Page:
But sometimes Jack really just needs mom. And it feels really good to just be mom. Not working mom. Not lawyer mom. Not feeding Jack with one hand and typing out an email with the other hand mom. Just mom, giving her 110% mom best.

When I came home from work yesterday, Jack just wasn't himself. He was fussy - angry even, and wouldn't be consoled. I picked him up to hold him and his skin was so hot. He was so feverish, so sick. I held him, consoled him, gave him medicine, held cool cloths on him, and stayed up with him.

He needed mom. For as horrible as I felt for him - he was clearly so miserable - I felt so good just being mom. Even if it meant that I went to work on about three hours of sleep. I'll trade sleep for those moments of being needed, those true mom moments, any day.

Thank you, Jack, for letting me be mom. I hope I'm doing a good job.

And, as a little P.S. for Jack's fans: he did go to the hospital tonight when his fever spiked. He's home with us now, resting quietly, and feeling much better. He's such a trooper.


Tuesday, August 10, 2010

Day Two, Week One: The belly of the beast.

I'm on Day Two, Week One of the Couch to 5K, and hot is an understatement. Also?  We don't have air conditioning, so I present to you, Exhibit A: our indoor/outdoor temperature thermostat:

That's 85.8 inside the house, 82 outside.  While that's not really that high of a number, do recall that unlike places like Arizona or New Mexico, we don't have any of that fabled "dry heat" here in Wisconsin.  We have wet heat.  Wet.  Hot.  Humid.  And it was after dark when I went for my run tonight - those are our nighttime temperatures.  Daytime would have been absolutely horrid.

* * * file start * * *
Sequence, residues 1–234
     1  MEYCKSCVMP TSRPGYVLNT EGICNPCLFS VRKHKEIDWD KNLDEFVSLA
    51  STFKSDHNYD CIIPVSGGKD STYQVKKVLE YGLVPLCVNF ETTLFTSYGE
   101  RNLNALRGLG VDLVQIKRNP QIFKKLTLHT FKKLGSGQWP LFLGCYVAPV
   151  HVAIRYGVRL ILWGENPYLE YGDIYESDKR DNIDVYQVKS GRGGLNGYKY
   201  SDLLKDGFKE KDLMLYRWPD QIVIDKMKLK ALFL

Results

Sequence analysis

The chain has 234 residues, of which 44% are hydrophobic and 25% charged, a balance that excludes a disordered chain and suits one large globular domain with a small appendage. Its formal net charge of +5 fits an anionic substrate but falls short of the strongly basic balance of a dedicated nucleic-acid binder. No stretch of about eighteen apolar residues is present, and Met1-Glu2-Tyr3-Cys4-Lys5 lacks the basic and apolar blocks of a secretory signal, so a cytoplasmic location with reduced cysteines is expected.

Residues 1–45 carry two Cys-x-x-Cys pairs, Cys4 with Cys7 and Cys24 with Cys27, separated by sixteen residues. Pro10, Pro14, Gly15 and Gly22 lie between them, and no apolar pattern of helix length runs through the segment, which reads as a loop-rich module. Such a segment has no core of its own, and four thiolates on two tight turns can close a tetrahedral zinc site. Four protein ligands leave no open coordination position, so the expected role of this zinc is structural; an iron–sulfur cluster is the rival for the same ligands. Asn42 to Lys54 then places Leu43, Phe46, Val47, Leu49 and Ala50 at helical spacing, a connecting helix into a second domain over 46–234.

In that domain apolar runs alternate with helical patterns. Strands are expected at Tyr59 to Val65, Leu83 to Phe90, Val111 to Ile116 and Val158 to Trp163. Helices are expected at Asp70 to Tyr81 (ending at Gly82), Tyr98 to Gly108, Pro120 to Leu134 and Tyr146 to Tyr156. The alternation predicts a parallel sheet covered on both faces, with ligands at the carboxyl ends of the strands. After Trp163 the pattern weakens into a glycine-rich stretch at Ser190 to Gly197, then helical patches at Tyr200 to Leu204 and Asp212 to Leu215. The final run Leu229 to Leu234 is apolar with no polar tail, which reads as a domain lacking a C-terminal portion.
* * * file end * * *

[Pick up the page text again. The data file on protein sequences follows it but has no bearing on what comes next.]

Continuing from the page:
But the bottom line is this:  I did it.  It wasn't much easier, but I did it.  I kept with it, even though the weather was against me.

Ahh.  Victory.  Now to repeat this pattern for the next nine weeks and beyond.

Wordless Wednesday: Gone Fishin'

Try as we all did, the only fish caught that day was caught purely by accident, and so tiny he was initially mistaken for part of a clump of weeds.

But as they say, a bad day fishing is better than a good day working.

Sunday, August 8, 2010

Day One, Week One: Stupid things to do on a hot day.

Only a complete and total fool would spend a sweltering summer day canning. And it would take a real jabbering moron to leave the kitchen and then go out for a long run. Only an utter buffoon would do such a ridiculously dumb thing.

So, today I decided it would be a great idea to can green beans with the new pressure canner and then start my Couch to 5K program. The pressure canner was easy to use, and the green beans look great. is a fantastic resource for all things canning, and it walked me through the green beans (and my first run with the pressure canner) quite handily.